Tag Archives: chalk

The Shoreham Cross

4 May

Saturday’s walk along another stretch of the North Downs has re-awakened another of my passions, a love of hill figures. Hill figures come in a variety of shapes (mostly horses), sizes, ages, material (mainly chalk) and are found mostly in Southern England (mainly in Wiltshire).

The starting point of our walk was Otford, which is just south of Shoreham, Kent. Shoreham is home to a hill figure, a chalk cross on the hillside. My first glimpse of the cross was from the train the week before, but it was only last week that I got chance to take the photo below, from Otford Mount.

Shoreham Cross

This hill figure is 100 feet high and 58 feet wide and was constructed in 1920. It serves as a war memorial to the men of Shoreham who lost their lives during the First and Second World Wars.

Shoreham Cross close-up

I wish we had more time to actually go and get a closer look at the cross, and the memorial stone. I am sure the chance will occur another time, and it looks like it is being well cared for and should be there for many years to come.

I know we will be passing several other Kent hill figures, and there are a couple of figures near the South Downs Way as well, so you can expect to see more hill figures on this blog in the future.

More wandering, starting the South Downs Way

27 Apr

As if walking the North Downs Way wasn’t enough, I have started walking the South Downs Way (SDW) as well. I say started, but I don’t know when I shall finish, or indeed when I shall walk the next part, but I have at least made a start.

Start of the South Downs Way

The photo above shows the start (or end) of the SDW, in Eastbourne, East Sussex. It is right on the western edge of the town, and is about 1½ miles from the railway station mainly through residential streets.

I have decided to do this walk alone, in fact it was partly the solitude and time to think that I wanted to experience and was my reason for starting today. It also means that I can go at my own speed and stop at places of interest on the way, without having to worry about inconveniencing anyone else. I know that when I get further west I will be in ancestral territory and my pace will no doubt slow down dramatically.

This first section was according to the guide book 7½ miles, from Eastbourne to Exceat, by way of Beachy Head, Birling Gap and the Seven Sisters. I have been to all these places before, but have never walked them all in one go.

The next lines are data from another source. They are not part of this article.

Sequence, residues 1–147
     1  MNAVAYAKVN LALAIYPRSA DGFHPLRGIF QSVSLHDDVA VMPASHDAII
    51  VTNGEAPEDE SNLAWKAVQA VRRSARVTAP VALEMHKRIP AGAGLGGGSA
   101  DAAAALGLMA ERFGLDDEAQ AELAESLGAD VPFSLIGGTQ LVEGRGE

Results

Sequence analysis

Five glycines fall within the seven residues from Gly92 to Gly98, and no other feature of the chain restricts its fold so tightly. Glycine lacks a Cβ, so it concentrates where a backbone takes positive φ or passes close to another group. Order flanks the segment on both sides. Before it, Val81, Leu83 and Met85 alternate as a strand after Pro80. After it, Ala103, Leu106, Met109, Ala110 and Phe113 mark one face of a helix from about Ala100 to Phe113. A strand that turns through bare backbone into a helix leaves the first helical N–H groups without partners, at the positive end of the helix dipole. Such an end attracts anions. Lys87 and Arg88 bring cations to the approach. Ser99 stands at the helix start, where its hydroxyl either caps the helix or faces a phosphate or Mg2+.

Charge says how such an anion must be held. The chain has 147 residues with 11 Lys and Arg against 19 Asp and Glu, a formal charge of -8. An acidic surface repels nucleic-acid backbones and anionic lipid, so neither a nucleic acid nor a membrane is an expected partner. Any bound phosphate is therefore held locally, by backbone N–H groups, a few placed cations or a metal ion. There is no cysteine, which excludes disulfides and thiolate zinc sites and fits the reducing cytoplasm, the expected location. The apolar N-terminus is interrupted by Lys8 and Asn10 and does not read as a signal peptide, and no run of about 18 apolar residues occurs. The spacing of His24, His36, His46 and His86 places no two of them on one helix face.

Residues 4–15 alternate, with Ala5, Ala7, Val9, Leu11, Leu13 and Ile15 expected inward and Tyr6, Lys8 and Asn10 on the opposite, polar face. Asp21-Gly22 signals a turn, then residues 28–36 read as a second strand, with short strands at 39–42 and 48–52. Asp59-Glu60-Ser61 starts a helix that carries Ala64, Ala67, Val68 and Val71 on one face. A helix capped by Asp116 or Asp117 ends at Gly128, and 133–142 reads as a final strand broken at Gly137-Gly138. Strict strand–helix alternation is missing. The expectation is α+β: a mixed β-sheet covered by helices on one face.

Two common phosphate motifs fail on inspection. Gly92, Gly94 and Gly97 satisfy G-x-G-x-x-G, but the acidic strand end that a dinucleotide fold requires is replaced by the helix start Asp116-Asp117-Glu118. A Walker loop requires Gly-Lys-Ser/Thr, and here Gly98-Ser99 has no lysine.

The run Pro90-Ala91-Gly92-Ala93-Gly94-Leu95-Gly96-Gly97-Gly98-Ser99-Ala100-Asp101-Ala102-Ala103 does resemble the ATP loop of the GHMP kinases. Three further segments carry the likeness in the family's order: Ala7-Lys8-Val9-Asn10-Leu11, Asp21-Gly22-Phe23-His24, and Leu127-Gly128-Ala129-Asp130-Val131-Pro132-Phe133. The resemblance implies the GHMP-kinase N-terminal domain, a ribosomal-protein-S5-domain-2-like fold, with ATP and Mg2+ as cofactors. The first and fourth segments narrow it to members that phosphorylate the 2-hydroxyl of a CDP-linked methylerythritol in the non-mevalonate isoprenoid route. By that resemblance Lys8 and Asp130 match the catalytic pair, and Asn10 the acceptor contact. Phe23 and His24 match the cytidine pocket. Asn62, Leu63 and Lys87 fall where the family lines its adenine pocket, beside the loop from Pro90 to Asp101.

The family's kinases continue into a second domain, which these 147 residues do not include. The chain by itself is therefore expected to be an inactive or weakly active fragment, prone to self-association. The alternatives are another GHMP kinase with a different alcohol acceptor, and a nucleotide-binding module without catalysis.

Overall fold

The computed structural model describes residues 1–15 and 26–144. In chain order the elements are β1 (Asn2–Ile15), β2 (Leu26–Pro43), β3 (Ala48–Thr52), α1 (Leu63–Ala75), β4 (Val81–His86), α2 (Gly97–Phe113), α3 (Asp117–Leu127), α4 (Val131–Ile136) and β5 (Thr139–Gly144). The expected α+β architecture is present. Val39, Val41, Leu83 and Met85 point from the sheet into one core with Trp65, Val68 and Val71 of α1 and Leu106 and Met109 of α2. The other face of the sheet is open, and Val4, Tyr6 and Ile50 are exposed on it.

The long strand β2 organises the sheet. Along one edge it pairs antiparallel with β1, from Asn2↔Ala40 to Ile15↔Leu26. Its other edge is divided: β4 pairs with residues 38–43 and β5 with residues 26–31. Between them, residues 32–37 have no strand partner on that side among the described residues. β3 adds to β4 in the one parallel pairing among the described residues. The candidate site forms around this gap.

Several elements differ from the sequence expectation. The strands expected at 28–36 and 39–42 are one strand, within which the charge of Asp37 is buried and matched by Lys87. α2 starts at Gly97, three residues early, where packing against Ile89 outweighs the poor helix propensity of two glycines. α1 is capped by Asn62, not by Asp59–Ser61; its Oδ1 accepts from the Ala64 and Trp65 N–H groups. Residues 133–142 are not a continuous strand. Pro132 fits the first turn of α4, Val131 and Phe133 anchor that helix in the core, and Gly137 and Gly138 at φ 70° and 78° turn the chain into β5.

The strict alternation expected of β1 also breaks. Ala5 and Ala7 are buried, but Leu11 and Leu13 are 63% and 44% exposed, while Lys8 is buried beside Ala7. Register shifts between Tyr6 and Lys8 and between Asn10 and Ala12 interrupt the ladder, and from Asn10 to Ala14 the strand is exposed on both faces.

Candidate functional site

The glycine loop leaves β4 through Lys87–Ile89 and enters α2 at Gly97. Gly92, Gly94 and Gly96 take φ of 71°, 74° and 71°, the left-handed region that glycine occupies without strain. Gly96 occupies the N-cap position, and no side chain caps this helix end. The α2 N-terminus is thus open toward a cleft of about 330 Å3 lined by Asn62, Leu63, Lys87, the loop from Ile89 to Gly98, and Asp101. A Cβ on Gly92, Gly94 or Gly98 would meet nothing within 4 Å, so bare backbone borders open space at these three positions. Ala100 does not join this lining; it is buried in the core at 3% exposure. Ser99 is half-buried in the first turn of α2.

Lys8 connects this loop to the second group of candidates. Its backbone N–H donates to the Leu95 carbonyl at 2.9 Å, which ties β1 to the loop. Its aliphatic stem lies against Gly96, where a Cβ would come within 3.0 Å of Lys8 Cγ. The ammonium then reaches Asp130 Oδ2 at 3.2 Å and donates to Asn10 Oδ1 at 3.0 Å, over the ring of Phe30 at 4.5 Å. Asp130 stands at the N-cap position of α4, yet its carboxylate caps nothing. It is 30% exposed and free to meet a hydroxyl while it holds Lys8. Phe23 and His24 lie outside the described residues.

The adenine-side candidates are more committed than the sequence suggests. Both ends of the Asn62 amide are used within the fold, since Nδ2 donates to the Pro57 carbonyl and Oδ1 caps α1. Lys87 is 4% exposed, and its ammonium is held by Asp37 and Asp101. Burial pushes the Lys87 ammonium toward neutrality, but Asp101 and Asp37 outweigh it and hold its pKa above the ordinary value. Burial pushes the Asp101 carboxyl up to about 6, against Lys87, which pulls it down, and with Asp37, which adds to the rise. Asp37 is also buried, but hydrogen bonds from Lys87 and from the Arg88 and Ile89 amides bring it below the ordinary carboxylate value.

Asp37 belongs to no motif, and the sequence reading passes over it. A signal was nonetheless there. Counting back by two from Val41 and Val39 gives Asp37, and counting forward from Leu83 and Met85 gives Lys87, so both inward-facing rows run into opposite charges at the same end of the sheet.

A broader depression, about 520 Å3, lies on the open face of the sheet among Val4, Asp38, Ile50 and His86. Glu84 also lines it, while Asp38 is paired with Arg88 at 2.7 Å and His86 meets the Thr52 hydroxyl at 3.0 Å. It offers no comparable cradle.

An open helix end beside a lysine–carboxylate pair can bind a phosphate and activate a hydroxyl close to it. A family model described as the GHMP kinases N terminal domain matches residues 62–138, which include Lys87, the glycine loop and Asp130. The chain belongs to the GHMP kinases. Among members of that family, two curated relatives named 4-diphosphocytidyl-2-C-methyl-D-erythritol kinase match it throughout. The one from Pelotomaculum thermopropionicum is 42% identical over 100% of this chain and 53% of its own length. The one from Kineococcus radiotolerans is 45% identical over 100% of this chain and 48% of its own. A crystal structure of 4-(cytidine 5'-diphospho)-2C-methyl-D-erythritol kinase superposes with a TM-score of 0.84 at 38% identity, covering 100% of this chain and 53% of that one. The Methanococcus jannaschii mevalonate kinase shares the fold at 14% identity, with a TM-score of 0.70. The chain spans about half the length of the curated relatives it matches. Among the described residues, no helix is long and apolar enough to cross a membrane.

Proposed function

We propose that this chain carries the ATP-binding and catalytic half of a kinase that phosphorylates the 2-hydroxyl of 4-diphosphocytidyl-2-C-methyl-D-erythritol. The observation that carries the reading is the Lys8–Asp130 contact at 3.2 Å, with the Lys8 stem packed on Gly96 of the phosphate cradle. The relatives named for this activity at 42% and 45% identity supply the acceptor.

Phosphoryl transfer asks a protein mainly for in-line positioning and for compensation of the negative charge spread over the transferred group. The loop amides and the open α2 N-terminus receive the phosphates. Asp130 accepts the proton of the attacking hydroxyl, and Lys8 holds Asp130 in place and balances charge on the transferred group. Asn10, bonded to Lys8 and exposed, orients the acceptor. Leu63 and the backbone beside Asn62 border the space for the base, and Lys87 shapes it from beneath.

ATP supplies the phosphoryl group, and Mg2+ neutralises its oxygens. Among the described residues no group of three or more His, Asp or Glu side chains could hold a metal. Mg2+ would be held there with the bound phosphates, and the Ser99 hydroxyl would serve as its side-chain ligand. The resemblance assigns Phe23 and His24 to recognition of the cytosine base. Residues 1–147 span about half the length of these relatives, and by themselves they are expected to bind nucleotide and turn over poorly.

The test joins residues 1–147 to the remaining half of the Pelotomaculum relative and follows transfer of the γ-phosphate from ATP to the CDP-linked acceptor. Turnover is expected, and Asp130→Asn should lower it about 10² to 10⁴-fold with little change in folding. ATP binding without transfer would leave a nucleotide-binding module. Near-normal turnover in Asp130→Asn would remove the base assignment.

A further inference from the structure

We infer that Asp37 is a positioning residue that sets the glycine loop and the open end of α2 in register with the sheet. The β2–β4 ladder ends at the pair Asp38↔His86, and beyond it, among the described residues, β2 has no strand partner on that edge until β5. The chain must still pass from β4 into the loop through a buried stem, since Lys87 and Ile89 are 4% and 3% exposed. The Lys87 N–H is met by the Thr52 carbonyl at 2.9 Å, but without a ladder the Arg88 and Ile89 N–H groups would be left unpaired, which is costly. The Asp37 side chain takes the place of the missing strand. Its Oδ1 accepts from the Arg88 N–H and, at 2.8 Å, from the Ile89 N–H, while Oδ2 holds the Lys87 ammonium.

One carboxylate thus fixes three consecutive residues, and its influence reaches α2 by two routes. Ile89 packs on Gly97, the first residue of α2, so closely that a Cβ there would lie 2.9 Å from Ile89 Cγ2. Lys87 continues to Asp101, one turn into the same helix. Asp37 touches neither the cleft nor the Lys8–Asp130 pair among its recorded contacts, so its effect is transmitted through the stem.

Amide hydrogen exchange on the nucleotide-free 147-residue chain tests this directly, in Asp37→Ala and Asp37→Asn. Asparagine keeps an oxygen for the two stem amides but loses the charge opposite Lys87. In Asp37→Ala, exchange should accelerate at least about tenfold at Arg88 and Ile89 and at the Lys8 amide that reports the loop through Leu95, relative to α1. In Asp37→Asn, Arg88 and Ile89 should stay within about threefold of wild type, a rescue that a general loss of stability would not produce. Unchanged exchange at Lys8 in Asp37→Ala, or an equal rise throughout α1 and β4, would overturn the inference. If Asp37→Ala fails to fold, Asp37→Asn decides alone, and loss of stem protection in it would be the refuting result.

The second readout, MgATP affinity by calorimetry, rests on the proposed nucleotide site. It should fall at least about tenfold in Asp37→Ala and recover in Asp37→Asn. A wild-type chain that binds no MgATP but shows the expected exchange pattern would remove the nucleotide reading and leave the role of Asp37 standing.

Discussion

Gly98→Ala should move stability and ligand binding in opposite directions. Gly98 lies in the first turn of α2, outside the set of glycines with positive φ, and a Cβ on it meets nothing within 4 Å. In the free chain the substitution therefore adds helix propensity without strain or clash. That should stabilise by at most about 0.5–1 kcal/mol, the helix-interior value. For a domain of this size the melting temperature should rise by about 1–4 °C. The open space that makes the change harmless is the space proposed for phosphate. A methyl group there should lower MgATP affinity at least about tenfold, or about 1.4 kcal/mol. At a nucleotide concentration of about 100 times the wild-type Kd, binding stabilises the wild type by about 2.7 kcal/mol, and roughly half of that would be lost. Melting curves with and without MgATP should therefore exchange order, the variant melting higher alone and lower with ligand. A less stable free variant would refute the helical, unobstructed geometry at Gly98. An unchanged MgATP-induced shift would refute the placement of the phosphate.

There is so much history in this landscape. From prehistory to the Second World War. The cliff top at Beachy Head is littered with monuments and other features that attest to this rich history.

My pace today wasn’t particularly fast, partly because I haven’t done much serious walking yet this year, but mainly because I kept stopping the take photos. I had forgotten how beautiful and striking the landscape was. The photo below is of one of the most striking features, Beachy Head lighthouse.

Beachy Head Lighthouse

Birling Gap is a small group of buildings that have gathered around an access point to the beach. The buildings are gradually disappearing into the sea as the cliffs slowly erode, but whilst they remain they act as a honey pot to tourists and visitors to the coast.

Heading west from Birling Gap are the Seven Sisters, a range of cliffs with which I have something of a love-hate relationship. I love the challenge of tackling the rise and fall of the hills, and admire the fabulous views, but once I get started I usually regret it, when my legs start to complain. Every year they seem to get steeper!

Seven Sisters

The best views are of course not from the Sisters themselves, but from Birling Gap (shown above) or Seaford Head (on the far left of the photo). It is possible (although I am not sure that it is advisable) at low tide to walk along the foot of the cliffs.

Last year after my holiday in South Devon I thought that the Sussex coastline was quite dull in comparison to that of South Devon, but today I have changed my mind. I think I have definitely fallen in love with chalk!

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